This article describes how to configure your Linux system to display an nice graphical image from the BIOS until your application or the login manager appear. No text should appear on the screen during that time.
The web is full with descriptions and tools that cover tiny parts of this process, however there seems to be no document that covers the whole path end to end. This document wants to do this and cover the whole stretch.
Please write to me if you have informations that complement or complete this article. You find my email at the bottom.
Linux’ boot process consists of multiple parts, that each start the next part
- the BIOS boots
- the boot loader gets loaded
- the kernel starts
- init start
- the rest of the userspace processes get started
- X starts
We now look at each of the points separately.
the BIOS boots
Normally you can not do much about the BIOS displaying its chatter. Some BIOSes support displaying a custom image, however that’s something you’ll need to find out through reading the technical documentation of your mainboard or BIOS.
the boot loader gets loaded
I’ll only cover here GRUB, since it seems to be the dominant boot loader today.
On an average system GRUB takes ony a second or so to load itself and the kernel. Since this is so short a time I am ignoring it and accepting a “black” screen during that second.
This effect can be achieved by setting
timeout = 0 in
/boot/grub/menu.lst. This will make GRUB skip displaying the boot menu and directly load the default boot entry. If you need to select a different entry then you’ll have to press
cursor down in the split second between the BIOS and before GRUB is loaded.
GRUB will still display a line saying that it is loading the kernel (and if your system is configured accordingly also the init filesystem), as described above that line is visible only for a very short time and thus I am ignoring that here:
Uncompressing Linux... Ok, booting the kernel.
However if you want to remove even that, there is a patch from Ubuntu that seems to do that (I have not tested it): quiet.diff
the kernel starts
GRUB loads the kernel and possibly an init filesystem (named initrd or initramfs in Linux speak). It starts the kernel and if configured accordingly on your system, passes the init filesystem on to the kernel.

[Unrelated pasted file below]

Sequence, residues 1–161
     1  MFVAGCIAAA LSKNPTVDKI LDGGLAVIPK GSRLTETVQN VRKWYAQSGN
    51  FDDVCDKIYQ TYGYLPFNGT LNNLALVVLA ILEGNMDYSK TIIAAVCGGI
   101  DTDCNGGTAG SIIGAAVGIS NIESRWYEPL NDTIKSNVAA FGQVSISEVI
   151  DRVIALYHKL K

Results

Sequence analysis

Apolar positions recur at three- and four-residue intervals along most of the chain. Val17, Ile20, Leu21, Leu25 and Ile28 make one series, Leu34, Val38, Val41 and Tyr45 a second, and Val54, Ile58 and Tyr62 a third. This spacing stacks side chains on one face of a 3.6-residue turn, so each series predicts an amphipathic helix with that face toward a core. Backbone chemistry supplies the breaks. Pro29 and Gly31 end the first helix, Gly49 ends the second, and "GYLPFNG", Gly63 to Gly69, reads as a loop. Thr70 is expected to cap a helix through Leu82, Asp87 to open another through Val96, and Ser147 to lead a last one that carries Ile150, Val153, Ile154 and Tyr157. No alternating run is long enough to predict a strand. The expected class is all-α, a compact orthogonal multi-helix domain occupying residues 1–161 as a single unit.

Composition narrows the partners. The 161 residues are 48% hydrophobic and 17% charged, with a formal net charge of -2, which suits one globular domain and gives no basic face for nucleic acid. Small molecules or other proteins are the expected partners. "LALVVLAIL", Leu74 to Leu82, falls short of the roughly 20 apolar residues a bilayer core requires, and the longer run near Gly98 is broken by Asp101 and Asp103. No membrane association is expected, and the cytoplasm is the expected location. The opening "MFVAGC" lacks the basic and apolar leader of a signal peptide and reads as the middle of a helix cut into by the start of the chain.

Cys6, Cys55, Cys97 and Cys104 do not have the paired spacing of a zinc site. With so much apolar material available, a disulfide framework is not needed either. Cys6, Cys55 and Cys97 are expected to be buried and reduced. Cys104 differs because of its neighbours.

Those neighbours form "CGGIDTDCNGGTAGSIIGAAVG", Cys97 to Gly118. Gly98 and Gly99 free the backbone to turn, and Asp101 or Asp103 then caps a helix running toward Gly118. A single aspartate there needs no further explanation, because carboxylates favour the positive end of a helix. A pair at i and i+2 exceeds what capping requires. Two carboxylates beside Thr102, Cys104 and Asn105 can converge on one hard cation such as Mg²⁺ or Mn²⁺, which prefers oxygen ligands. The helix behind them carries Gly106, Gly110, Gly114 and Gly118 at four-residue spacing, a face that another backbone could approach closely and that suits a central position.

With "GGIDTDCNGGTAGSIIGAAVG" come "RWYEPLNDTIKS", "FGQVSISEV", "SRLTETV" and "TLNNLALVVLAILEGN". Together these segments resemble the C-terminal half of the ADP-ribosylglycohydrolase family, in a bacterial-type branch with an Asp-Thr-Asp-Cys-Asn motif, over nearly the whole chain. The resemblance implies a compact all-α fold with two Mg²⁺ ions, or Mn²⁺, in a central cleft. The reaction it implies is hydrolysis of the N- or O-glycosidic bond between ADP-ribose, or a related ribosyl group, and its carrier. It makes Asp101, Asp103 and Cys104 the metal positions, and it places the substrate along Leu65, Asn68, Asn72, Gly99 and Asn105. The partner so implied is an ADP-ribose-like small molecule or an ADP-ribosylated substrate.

You can tell the kernel to display an image as soon as it is started. This is usually referred to as “the frambuffer boot logo”. A howto can be found here.
After displaying the boot logo, the linux kernel will usually proceed with verbosely initializing all the hardware. You can suppress all the output by specifying
quietin the kernel boot parameters. Just add the word
quiet to the kernel boot parameters in
/boot/grub/menu.lst. Mine looks like this:
title Linux 188.8.131.52 root (hd0,0) kernel /boot/vmlinuz-184.108.40.206 root=/dev/hda1 ro vga=791 quiet splash savedefault
After the kernel has started it will either mount and continue with the boot procedure inside the init filesystem (initrd or initramfs) or it will start the
Both the init filesystem and the init process will immediately start babbling aloud about what they are doing.
What we need to achieve at this stage is:
- if that applies to make sure that whatever is started in the init filesystem is shut up
- to shut up init
- to shut up all that follows the first started processes
I will not go into siliencing the init filesystem, since I am not using any but instead made a custom built kernel, that has all the minimally required drivers compiled into it and thus am not qualified to comprehensively cover the init filesystem part.
The init process itself will dump one line where it will identify itself:
INIT: version 2.68 booting
I don’t know how to prevent init from writing that. Patching it out from the source should be easy, however there should be a better way.
the rest of the userspace processes get started
After init and/or the init filesystem are started, they will usually proceed with mounting all the required filesystems and dispatching udev which will try to identify all hardware, load the required drivers/kernel modules and allocate the according device node in /dev.
This will produce another 3 or so lines. It should be easy to disable displaying those by patching the respective init scripts, however there should be some universal and standard way to do that, which I do not know of.
After that, but as soon as possible you can start a userspace splash manager. I’m using splashy, there are numerous others though.
At some final point your application or the login manager will start as an X client. I am doing that like this:
/etc/init.d/splashy stop xinit /usr/bin/my_app
however there are numerous other ways to achieve this. The point is that you need to stop the splash screen manger before your target application or the login manager is started.
One final ugly unsolved problem is the unaesthetic start procedure of the X server, which will typically first display the infamous classic “X” as the background. One can use
xsetroot to set the background once X is loaded however between the start of X and the execution of
xsetroot you’ll still be looking at “X”’s default background. Again, there should be a way to initialize the background before X switches into graphics mode with a nice background, which I have not found yet.
Contributions to this HOWTO are gladly accepted, thanks, Tomas Pospisek, tpo_deb at sourcepole.ch.
Note that http://sourcepole.com is doing develpment of embedded Linux systems and will gladly provide consulting and implementation to solve any of the above mentioned or further problems.